Should Santoor soap wash off its mummy story?
- March 19,2020 By IndianTelevision Team
NEW DELHI: A fair and slim woman is indulged in her own world, enjoying a fairly normal moment, when a charming A-list actor sees her, mesmerised with her beauty and gets the shock of his life to know she is a “mummy”. A mother? How can a woman fitting all conventional beauty standards be a mother?
This is a formula that Wipro Consumer Care’s soap brand Santoor has been riding on for decades now. In its recent ads, which have a different brand ambassador for the South Indian audience, but with the same “mummy”, the anecdote of the female protagonist in the role of a doctor was added. This has been done possibly to fit in the modern trend of being gender-sensitive while curating such ads in the category.
Indiantelevision.com talked to some of the industry experts to understand if it is time for Santoor to take a shift in its approach.
According to Mirum India ECD Naila Patel, while the ads are seemingly sexist, there is no taking away from the fact that physical and visible beauty of a woman remains important to both men and women.
She says, “I think with the narrative on beauty evolving, Santoor should think of extensions. Although skin-deep beauty remains a timeless promise, a lot of young people want to associate with a brand that speaks the same language they do.”
However, others differed in opinion.
Brand-nomics MD Viren Razdan quips, “Santoor Mummy has been a decades-old formula. Contemporary touches of professionals and career-driven young moms have been attempts to break into the modern mainstream. The new episodes of Santoor seem to protect this code with its target audience. Any hard stance might throw its bold move off its core brand essence. So for its core TG, there is no sexism in this formula - the rest might have their own views.”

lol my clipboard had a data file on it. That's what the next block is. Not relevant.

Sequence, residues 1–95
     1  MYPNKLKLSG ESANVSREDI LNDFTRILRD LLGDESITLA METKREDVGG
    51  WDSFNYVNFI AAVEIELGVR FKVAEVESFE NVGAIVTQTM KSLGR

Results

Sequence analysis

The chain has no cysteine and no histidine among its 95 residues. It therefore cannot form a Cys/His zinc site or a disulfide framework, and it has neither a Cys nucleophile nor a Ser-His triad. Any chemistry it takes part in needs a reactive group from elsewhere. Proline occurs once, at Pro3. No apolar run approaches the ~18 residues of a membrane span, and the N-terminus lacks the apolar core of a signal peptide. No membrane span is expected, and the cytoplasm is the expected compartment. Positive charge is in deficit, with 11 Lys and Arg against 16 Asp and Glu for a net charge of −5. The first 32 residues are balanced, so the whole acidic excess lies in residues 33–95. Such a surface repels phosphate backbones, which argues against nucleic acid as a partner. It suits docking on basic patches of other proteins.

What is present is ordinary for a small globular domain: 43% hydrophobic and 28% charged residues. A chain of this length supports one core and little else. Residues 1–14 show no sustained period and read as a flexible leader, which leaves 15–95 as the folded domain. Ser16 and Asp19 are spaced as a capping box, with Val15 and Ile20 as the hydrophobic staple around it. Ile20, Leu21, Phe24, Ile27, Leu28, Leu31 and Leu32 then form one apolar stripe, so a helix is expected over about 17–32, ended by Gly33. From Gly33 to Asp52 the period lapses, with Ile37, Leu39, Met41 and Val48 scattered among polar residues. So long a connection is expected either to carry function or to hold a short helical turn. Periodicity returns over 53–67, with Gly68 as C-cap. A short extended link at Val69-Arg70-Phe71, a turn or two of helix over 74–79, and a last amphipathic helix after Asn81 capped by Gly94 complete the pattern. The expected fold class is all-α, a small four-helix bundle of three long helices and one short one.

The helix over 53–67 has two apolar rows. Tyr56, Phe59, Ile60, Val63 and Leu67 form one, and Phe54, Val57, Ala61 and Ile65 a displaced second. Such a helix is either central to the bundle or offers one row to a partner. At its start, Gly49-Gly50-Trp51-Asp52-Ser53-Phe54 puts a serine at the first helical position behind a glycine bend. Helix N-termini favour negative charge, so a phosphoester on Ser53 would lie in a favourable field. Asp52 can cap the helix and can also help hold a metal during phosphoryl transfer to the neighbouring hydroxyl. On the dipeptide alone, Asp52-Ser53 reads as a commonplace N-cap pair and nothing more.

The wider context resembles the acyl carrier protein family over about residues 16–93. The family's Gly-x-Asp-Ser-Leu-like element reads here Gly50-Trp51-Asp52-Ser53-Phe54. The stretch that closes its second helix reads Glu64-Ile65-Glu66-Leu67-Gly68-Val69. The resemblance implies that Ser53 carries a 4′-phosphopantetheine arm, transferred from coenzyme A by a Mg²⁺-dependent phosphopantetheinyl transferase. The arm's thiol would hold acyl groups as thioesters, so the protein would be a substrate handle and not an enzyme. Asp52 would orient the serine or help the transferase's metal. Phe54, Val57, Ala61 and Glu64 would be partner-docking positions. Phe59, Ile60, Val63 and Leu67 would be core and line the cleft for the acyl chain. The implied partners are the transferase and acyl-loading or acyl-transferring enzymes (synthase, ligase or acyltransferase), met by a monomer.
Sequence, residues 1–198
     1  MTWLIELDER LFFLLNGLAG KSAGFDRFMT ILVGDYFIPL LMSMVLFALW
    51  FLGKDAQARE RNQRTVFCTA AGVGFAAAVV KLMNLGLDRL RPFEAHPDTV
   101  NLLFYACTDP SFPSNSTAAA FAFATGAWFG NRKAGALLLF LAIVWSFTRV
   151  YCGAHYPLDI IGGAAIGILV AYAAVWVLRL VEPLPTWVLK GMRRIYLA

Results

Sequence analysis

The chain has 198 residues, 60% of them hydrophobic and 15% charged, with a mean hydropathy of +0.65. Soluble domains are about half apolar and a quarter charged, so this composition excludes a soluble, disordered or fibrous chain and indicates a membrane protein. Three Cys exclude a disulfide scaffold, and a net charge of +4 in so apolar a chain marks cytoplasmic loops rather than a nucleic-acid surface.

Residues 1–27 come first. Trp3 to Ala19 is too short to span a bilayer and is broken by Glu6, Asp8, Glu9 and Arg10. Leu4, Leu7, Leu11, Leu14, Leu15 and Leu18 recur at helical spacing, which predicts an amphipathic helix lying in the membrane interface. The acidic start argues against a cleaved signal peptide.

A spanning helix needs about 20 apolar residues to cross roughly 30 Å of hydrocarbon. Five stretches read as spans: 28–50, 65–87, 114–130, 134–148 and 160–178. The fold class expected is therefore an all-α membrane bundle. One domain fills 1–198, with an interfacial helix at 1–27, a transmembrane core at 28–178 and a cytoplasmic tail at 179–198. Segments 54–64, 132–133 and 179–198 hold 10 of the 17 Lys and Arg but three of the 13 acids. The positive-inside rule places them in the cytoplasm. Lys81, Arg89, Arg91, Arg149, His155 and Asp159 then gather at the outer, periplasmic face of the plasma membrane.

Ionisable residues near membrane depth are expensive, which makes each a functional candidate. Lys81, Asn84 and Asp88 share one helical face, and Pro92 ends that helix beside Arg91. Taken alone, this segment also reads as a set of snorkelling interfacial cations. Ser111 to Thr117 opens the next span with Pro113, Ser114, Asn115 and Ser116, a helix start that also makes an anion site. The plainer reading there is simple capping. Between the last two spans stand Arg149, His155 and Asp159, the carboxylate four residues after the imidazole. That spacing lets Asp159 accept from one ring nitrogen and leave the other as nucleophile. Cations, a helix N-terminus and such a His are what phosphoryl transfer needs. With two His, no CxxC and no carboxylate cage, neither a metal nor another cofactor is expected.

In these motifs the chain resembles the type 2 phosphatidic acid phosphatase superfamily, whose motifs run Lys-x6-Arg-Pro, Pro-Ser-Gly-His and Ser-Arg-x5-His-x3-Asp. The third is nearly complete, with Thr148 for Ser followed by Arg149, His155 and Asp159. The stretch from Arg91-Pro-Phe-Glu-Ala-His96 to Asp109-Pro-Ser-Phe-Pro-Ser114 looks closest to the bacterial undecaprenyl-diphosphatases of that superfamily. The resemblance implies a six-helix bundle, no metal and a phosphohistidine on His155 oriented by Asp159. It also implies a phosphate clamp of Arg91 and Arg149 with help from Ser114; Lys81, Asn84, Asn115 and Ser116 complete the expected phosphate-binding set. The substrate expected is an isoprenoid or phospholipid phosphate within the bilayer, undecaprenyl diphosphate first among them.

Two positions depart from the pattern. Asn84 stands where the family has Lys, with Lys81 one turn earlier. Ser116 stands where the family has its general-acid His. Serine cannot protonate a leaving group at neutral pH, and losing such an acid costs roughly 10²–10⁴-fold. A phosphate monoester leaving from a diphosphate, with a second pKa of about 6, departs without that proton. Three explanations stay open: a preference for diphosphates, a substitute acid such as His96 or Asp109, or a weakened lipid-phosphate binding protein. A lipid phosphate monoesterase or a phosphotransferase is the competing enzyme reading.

Samsika Marketing Consultants founder, chairman and managing director believes that the ads are, in fact, one of the most balanced and sensible ones, with high credibility.
Socxo CMO and programme head Ajit Narayan adds, “What they have been doing so far is to make the woman more relevant through time. Right from the homemaker at weddings etc., moving to one who is independent, portrayed through her becoming a fashion designer to working out at the gym, etc. They have taken modern adaptations of a woman to consistently portray the same idea which has been giving them business.”
The three agreed that there is no need for the brand to change its messaging.
Narayan says, “If the creative idea has stood the test of time so far and is resulting in business, would any brand want to change it? Why would they want to change? Unless of course, the audience mindset and insights about them have changed? The core appeal of the brand is the mummy moment. It's in fact, a recognisable IP for the brand, something that most brands strive to build over time. People view the ads despite knowing the twist. It's like the "Xerox moment" for copiers.”
Razdan notes, “Change for the sake of change is perhaps not required. Santoor has built its soft codes strongly over the years, does it seem to fatigue - not really. Bold sometimes is boring and too beaten a path.”
For now, it seems like the brand is milking the most out of its tried-and-tested formula and may not see any shift in the near future.